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Why Doohan chose Alpine Academy over Red Bull F1 junior programme

New Alpine Academy recruit Jack Doohan says the layout of the French team's Formula 1 junior programme swayed him to choose it over continuing with Red Bull.

Pole sitter Jack Doohan, Trident

The Australian had the option to extend his stay in the Red Bull junior programme for 2022, but elected to switch to Alpine, joining fellow FIA Formula 3 graduate Olli Caldwell and F3 drivers Victor Martins and Caio Collet as part of its junior line-up.

Last year Doohan finished runner-up to then fellow Red Bull junior Dennis Hauger in F3, in what was his fourth year as a Red Bull junior, having been part of the initiative since racing karts in 2018.

It could be seen as a bold call to switch from Red Bull to Alpine given the French team's inability to promote any of its previous intake of juniors to F1, including countryman and reigning F2 champion Oscar Piastri, who is set for a year on the sidelines as the team's reserve driver.

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However Doohan, who will step up to F2 this year with Virtuosi Racing, says he feels the Alpine Academy offers better opportunities to reach F1 and more importantly tools to become a better all-round driver.

"I think just the layout of the programme and what it is going to do for me to become a better driver," he explained when asked what convinced him to join Alpine.

"Obviously Red Bull had that, but if it was the same I wouldn't have moved.

"I don't want to touch on that too much, but [Alpine] was just a really good path to become a better driver regardless of the end goal.

"To learn as much as possible and to get valuable time is something you really can't get anywhere else and that I hadn't been getting.

"It is coming to a point where it is make or break in Formula 2 - there is nothing really to go back on, so I had to make the decision for what I wanted to do to become a better driver, and Alpine was that.

"In my limited time with the programme, already I'm enjoying it a lot and I can't wait to continue to build and build the relationships. I'm obviously still a fresh face and everyone else is a fresh face for me too."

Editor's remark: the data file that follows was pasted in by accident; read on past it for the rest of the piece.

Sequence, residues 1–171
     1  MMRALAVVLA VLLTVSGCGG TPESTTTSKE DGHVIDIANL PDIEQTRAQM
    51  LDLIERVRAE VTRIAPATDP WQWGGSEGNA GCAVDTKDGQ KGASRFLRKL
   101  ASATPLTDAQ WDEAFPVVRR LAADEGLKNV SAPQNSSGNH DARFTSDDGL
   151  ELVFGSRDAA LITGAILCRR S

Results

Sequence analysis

Race winner Jack Doohan, Trident

Race winner Jack Doohan, Trident

Photo by: Formula Motorsport Ltd

While acknowledging Alpine has struggled to promote young drivers to F1 race seats, Doohan isn't overly concerned that the move may hamper his chances of achieving his ultimate goal with the operation.

He says the fact former academy members Guanyu Zhou and Christian Lundgaard have progressed to F1 and IndyCar, respectively with Alfa Romeo and Rahal Letterman Lanigan Racing, proves the academy can put drivers on a path to a professional career.

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"In the short time I have worked with Alpine I think they have a programme, that regardless of end goal of F1, makes you into a better driver by teaching you more," he added.

"From F1 tests, to working with the team, from speaking to the engineers - you have all this information you can take and is available for you to go forward.

"It ultimately makes you into a better driver and F1-ready.

"Then at the end of the season if you have done a good job, like win the championship or come close - and like Oscar he will get his opportunity - it's not just Alpine, but other F1 teams that will be looking at you as well.

"They are giving us the opportunity to press forward and be able to become a professional in what we do.

"The main part of it is to become a better driver and going forward in F1 or like Christian [Lundgaard] in IndyCar or [Guanyu] Zhou in F1, who went to Alfa Romeo.

"A lot of people will say that Alpine hasn't promoted to its F1 team, but everyone who has been in their programme, you can't disrespect them and say they aren't a good driver or haven't grown while they have been there."

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